Finally, Nofal argues that Defendants have created or fostered a work environment hostile to his religion. Section 1981 deals with racial discrimination not religious discrimination. See Runyon, 427 U.S. at 167. The Arab race and Muslim religion are separate categories. Hostility towards the Muslim faith does not mean there is discrimination against the Arab race. Assuming that Defendants were hostile to Islam-and it is a large assumption considering the race and religion of the Hotel owners-it would be wrong to assume, or infer, as Nofal does, that religious discrimination as alleged here equals racial discrimination.
Nofal also alleges that the Defendants terminated him in retaliation for his complaint about their failure to accommodate his observance of Eid and for his statements in an unrelated investigation of an employee for sexually inappropriate remarks and gestures. Retaliation claims are cognizable under § 1981, seeCBOCS West, Inc. v. Humphries, 553 U.S. 442, 451 (2008); but only where the retaliation arises out of a § 1981 claim. Although making a complaint constitutes protected activity, to state a claim for retaliation under § 1981, the complaint must be protected under §1981-that is, it must relate to discrimination under § 1981, not just under any statute. See CBOCS West, 553 U.S. at 452; Hawkins v. 1115 Legal Serv. Care, 163 F.3d 684, 693 (2d Cir. 1998) ("[T]o be actionable under § 1981, the retaliation must have been in response to the claimant's assertion of rights that were protected by § 1981. An act of retaliation for engaging in activity protected by Title VII does not give rise to a claim for retaliation that is cognizable under § 1981 unless that activity was also protected by § 1981."). The claimed protected activity here involves complaints about the failure to provide religious accommodation and sexual harassment, and does not fall within the protective scope of § 1981. Accordingly, the motion for summary judgment is granted as to all § 1981 claims.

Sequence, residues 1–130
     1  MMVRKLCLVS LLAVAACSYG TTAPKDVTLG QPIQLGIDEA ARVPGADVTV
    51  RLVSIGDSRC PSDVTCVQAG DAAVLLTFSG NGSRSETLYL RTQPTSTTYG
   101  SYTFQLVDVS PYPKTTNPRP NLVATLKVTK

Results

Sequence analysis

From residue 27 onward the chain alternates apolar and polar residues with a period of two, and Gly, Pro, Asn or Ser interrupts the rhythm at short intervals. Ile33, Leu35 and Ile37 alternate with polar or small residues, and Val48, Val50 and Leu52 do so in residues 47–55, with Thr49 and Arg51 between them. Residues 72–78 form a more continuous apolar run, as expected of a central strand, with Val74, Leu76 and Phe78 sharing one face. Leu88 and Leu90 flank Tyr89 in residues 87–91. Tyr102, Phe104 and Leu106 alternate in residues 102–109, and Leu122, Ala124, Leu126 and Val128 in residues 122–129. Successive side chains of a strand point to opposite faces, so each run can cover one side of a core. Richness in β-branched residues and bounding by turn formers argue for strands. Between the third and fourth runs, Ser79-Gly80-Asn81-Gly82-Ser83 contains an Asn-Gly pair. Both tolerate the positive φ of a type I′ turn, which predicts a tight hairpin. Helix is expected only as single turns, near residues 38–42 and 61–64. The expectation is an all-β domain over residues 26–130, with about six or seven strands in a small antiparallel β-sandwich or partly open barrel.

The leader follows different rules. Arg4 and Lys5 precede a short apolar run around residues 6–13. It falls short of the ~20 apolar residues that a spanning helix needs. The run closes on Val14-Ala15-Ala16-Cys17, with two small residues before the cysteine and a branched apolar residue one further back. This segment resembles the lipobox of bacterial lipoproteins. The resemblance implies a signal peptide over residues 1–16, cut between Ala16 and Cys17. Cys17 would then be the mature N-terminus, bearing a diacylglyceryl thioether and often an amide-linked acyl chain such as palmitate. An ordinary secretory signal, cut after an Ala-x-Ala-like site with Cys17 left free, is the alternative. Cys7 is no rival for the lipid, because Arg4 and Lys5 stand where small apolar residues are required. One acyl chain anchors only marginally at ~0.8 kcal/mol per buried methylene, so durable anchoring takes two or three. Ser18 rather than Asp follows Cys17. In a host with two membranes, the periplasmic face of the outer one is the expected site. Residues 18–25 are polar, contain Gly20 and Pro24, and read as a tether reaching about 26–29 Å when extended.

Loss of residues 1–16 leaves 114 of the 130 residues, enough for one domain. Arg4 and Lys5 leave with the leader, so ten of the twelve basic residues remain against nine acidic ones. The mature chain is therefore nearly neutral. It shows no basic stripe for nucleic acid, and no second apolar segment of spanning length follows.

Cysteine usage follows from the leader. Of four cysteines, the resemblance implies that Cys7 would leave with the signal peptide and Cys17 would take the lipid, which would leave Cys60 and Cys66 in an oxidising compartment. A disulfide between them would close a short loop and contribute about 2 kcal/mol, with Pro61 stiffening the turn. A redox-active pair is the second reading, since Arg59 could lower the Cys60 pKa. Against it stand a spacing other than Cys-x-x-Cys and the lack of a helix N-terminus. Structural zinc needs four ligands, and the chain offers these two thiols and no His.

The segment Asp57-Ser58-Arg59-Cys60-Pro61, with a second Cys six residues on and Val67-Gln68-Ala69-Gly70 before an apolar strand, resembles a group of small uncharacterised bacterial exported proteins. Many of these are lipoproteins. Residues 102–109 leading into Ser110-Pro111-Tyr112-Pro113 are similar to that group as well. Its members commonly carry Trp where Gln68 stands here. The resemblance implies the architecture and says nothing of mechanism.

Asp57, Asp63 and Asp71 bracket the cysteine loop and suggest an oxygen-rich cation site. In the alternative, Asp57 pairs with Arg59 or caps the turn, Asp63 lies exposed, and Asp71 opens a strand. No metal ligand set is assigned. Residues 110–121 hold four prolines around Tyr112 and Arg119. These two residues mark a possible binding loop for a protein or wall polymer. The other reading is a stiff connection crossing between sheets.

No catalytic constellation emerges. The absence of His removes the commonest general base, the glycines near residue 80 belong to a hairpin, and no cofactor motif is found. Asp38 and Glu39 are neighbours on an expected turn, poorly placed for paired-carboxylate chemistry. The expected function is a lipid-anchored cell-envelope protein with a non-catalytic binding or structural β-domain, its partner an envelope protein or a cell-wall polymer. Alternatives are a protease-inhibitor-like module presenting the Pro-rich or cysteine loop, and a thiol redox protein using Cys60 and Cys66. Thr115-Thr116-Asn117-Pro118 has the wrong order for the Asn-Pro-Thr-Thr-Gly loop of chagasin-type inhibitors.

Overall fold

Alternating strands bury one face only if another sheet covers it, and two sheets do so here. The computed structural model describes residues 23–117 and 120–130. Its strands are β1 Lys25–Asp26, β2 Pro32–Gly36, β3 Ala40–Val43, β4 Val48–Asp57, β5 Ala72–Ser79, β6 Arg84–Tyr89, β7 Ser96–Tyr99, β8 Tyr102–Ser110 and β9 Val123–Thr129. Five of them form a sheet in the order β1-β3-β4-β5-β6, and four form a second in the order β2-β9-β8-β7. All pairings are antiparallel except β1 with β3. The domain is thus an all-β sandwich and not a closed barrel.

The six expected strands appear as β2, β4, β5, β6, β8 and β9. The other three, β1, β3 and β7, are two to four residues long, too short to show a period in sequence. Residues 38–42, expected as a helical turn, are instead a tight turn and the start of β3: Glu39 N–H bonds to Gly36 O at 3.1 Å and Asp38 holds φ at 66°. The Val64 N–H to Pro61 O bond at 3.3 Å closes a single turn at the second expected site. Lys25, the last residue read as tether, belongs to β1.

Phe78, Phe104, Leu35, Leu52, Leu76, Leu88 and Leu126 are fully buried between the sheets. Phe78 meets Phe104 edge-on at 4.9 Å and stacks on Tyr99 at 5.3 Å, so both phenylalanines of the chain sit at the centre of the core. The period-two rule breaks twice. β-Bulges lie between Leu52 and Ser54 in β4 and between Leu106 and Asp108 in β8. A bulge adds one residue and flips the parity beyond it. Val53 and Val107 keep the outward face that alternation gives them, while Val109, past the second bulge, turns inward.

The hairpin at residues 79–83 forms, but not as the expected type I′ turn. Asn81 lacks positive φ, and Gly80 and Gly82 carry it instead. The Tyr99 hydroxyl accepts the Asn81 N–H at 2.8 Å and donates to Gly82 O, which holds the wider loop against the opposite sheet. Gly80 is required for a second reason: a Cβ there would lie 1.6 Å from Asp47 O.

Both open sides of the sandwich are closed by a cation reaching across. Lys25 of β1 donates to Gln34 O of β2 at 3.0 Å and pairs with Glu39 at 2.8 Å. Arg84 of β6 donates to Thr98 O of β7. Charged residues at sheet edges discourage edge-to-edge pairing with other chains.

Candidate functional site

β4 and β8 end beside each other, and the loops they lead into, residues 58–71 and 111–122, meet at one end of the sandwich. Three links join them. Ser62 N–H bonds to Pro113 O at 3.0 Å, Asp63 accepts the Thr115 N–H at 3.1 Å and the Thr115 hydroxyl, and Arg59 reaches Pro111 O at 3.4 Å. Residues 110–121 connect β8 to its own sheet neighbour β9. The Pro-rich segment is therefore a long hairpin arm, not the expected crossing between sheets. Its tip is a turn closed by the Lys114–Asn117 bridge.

C. State Law Claims
The Court may decline to exercise supplemental jurisdiction over a claim when it has dismissed all claims over which it has original jurisdiction. 28 U.S.C. § 1367(c)(3). The remaining claims arise under state and local law. There is no allegation of diverse citizenship. Accordingly, this case is dismissed in its entirety. The Second Circuit has instructed that "the court should refrain from exercising pendent jurisdiction absent exceptional circumstances." Kavit v. A. L. Stamm & Co., 491 F.2d 1176, 1180 (2d Cir. 1974).